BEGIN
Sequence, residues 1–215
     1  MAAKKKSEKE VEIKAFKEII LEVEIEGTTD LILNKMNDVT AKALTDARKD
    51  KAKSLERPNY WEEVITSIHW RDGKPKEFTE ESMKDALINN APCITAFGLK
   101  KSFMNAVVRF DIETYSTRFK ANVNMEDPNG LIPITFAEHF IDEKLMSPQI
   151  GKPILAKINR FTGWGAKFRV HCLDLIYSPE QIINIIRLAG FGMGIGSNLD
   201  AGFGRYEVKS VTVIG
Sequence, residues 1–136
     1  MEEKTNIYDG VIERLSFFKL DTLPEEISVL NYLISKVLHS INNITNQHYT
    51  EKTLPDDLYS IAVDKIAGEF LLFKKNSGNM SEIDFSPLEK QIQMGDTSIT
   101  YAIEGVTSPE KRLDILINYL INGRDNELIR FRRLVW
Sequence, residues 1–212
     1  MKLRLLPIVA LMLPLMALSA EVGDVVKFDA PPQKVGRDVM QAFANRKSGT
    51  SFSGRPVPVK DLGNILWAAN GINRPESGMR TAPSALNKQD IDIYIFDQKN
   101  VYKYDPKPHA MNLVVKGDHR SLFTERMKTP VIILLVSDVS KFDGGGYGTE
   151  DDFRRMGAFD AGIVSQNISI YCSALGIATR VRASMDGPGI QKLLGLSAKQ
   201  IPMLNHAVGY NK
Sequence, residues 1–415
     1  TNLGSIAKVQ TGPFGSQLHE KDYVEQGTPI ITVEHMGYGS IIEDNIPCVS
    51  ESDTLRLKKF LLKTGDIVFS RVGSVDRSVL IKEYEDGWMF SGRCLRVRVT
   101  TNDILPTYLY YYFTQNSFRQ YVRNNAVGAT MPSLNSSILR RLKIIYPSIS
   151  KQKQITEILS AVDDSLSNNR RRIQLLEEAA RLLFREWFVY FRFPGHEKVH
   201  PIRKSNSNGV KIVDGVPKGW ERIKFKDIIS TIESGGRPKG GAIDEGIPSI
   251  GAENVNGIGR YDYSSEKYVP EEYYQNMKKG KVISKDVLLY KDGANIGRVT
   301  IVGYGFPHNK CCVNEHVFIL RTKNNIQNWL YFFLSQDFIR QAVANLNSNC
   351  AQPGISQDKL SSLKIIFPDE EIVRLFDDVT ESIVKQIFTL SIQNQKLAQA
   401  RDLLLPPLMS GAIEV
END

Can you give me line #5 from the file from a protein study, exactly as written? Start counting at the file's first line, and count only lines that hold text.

   151  GKPILAKINR FTGWGAKFRV HCLDLIYSPE QIINIIRLAG FGMGIGSNLD